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January 28, 1939


Author Affiliations


From the Department of Pediatrics, University of Cincinnati College of Medicine and the Children's Hospital Research Foundation.

JAMA. 1939;112(4):283-285. doi:10.1001/jama.1939.02800040001001

The thymus gland has for a long time been a subject for study by physiologists.1 It appears to many clinicians, however, that this organ is cited only when convenient to account for an otherwise inexplicable symptom, or even death. Thus the critical physician frequently wishes there were no such thing as the thymus and denies that it has any clinical implications. The thymus exists, however, and it cannot be entirely disregarded as a potential source of disturbance in early life, even though it has been too often incriminated by uncritical diagnosticians and too frequently treated by enthusiastic therapeutists. There will be considered in this presentation three ways in which the pediatrician meets the problem of the thymus, the type of encounter varying at the different stages of the child's development.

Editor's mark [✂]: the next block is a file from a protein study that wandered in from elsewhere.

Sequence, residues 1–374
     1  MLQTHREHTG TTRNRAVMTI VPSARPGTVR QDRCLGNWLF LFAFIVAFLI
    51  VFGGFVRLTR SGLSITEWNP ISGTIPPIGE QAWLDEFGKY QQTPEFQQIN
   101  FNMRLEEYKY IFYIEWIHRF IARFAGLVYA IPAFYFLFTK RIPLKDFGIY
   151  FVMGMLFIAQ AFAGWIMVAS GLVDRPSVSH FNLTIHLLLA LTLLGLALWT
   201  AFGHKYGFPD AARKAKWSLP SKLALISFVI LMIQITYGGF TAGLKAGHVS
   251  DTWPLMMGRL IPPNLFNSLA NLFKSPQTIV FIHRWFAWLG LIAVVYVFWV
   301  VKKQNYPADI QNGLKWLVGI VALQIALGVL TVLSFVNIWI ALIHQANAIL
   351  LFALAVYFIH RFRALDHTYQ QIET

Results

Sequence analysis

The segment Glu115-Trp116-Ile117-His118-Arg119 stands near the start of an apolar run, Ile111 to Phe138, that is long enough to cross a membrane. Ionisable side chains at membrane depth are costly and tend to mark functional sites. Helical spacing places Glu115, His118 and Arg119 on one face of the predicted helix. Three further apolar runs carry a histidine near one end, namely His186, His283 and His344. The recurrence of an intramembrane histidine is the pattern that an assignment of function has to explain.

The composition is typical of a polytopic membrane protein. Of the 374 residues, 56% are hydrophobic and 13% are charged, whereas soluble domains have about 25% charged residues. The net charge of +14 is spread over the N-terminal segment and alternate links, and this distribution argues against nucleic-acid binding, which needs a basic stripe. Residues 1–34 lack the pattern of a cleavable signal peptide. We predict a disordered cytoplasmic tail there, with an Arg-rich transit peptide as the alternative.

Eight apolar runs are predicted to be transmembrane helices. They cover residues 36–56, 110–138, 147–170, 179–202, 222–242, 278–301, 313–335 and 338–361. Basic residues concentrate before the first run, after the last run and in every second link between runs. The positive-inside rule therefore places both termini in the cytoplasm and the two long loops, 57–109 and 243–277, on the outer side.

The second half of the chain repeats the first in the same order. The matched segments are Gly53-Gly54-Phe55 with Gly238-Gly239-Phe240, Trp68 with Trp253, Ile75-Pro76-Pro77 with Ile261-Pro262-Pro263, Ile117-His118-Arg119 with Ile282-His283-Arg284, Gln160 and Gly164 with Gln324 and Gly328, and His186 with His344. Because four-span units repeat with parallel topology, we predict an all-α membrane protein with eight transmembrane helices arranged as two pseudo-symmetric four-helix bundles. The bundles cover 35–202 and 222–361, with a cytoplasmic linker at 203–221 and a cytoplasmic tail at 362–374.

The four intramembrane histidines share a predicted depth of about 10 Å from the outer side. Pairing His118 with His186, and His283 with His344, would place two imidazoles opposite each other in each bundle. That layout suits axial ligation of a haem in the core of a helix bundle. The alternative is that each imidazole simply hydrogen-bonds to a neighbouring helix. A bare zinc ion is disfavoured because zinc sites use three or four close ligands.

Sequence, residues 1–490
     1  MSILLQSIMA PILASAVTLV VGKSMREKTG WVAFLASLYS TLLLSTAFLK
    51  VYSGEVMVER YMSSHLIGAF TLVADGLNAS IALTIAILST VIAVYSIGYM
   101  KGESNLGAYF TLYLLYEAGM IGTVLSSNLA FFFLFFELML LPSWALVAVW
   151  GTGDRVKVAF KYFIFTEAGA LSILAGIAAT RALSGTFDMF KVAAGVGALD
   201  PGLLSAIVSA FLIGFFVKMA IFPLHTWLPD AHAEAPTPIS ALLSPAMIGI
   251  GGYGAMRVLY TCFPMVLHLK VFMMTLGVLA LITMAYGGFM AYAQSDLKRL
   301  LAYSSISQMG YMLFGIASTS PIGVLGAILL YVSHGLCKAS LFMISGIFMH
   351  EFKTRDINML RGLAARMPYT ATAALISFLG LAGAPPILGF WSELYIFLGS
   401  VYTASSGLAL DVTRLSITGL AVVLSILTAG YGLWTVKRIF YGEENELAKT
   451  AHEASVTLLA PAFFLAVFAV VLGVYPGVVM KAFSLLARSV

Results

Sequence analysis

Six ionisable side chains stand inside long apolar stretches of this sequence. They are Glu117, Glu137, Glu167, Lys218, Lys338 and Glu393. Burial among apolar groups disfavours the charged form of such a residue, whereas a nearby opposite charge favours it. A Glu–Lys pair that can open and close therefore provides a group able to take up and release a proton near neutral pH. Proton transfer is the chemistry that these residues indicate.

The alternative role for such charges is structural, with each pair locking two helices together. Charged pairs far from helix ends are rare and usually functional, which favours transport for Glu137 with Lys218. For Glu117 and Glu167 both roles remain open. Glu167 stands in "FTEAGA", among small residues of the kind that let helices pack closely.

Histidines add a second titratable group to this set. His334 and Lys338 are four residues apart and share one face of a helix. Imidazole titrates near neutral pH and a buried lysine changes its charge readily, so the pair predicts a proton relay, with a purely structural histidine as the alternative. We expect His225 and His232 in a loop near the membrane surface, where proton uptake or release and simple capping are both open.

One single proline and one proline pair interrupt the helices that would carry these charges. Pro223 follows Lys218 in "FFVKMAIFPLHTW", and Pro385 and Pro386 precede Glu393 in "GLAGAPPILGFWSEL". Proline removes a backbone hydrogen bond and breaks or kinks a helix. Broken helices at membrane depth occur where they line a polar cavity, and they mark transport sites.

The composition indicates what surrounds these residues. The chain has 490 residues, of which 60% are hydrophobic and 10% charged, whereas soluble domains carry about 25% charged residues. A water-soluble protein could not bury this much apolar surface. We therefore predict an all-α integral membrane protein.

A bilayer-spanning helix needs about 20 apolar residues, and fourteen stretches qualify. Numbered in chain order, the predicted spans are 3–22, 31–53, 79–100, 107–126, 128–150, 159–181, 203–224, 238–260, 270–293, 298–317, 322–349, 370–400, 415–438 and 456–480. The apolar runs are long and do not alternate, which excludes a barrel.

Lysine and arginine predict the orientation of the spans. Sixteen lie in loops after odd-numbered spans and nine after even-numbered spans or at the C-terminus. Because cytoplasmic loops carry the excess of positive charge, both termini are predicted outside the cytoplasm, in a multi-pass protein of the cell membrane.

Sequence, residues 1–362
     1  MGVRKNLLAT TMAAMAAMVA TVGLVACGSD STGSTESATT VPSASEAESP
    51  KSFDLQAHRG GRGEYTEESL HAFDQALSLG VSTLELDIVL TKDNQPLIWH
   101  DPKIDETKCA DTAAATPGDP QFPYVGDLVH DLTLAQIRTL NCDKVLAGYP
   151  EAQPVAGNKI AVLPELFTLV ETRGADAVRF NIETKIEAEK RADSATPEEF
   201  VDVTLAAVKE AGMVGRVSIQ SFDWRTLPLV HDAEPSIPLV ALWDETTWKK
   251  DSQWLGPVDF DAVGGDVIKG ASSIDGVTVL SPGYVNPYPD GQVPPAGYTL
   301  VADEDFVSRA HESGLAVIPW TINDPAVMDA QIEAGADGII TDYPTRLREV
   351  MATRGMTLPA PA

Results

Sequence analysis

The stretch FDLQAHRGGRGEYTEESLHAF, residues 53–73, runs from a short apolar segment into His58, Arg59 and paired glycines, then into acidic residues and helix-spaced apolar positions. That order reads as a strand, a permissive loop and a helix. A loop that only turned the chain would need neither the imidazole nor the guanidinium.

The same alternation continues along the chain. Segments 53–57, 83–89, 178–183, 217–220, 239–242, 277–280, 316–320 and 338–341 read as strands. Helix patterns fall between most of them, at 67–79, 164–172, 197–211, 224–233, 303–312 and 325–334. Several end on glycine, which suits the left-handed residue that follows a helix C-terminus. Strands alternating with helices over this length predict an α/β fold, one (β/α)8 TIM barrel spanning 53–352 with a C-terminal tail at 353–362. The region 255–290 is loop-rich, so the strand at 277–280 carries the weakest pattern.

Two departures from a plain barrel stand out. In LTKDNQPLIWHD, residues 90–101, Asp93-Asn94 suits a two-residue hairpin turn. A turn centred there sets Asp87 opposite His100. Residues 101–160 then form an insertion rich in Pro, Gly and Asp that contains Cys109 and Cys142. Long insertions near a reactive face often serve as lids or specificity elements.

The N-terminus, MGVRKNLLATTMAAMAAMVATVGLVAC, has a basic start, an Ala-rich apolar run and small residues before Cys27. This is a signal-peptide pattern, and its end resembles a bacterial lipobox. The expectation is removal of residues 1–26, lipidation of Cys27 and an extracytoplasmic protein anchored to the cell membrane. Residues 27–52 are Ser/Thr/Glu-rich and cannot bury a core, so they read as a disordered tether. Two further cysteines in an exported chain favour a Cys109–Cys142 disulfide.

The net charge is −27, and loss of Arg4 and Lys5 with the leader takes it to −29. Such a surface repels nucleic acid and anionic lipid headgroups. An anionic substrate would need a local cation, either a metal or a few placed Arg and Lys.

THYMIC HYPERPLASIA  The pediatrician may be called to see a young infant suffering from such symptoms as respiratory stridor,